8. Caesar753

    Caesar753 Multitudinous

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    I moved from the Midwest to the Southwest for a teaching job. If you can do it, it's smart to go where the jobs are. I strongly recommend having the state license in hand while applying. It makes the whole process much easier.
     
  9. gr3teacher

    gr3teacher Phenom

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    On the flip side of this though, I'm glad I waited to get the state endorsement until I started working in the state... in both cases, the district paid for the certificate, handled all the paperwork, and let me know exactly what I needed to do. Granted, both were extremely large districts that had departments dedicated towards teacher certification. There were other districts in Maryland that refused to interview me without having a state endorsement already in hand.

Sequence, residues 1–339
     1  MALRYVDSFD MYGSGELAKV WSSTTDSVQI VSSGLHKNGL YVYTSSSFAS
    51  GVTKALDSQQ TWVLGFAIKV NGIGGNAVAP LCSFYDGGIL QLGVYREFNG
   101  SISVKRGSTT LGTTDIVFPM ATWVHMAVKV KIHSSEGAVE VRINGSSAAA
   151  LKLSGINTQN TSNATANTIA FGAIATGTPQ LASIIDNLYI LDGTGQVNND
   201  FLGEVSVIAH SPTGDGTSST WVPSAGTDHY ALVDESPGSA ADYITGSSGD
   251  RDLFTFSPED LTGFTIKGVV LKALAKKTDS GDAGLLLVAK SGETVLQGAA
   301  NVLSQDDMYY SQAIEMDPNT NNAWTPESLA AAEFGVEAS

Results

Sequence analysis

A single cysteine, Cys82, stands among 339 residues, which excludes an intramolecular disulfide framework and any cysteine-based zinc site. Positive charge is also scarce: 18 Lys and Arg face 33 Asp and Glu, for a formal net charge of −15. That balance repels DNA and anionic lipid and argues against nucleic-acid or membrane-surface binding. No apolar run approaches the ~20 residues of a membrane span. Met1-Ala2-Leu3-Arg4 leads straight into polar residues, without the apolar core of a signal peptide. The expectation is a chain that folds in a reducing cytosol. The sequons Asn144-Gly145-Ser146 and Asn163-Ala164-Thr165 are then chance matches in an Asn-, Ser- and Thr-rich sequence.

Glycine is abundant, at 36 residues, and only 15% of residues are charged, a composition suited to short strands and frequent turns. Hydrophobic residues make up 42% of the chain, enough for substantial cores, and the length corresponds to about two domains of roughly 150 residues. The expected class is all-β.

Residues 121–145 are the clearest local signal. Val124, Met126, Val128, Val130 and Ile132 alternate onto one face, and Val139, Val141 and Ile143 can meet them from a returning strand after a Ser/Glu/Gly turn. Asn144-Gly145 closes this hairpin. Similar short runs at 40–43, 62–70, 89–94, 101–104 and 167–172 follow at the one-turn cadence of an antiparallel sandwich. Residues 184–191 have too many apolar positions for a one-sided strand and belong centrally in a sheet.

10. Caesar753

    Caesar753 Multitudinous

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    I don't think that your experience is the norm. I could be wrong. I teach in an extremely large district and the district doesn't pay for certification. If you don't have a license when you apply, you either won't get hired or will get hired after a lengthy delay while the state processes your application and eventually gives you a license. We frequently have new teachers starting the year in October, November, and December because of licensing delays.
     
  11. Ima Teacher

    Ima Teacher Maven

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    We are often leery of out-of-state applicants. We are a small, rural district. Not much to draw people here. We have little turnover, and we prefer not being a stepping stone to another district.

    We are more likely to interview those with ties to the area.
     
  12. gr3teacher

    gr3teacher Phenom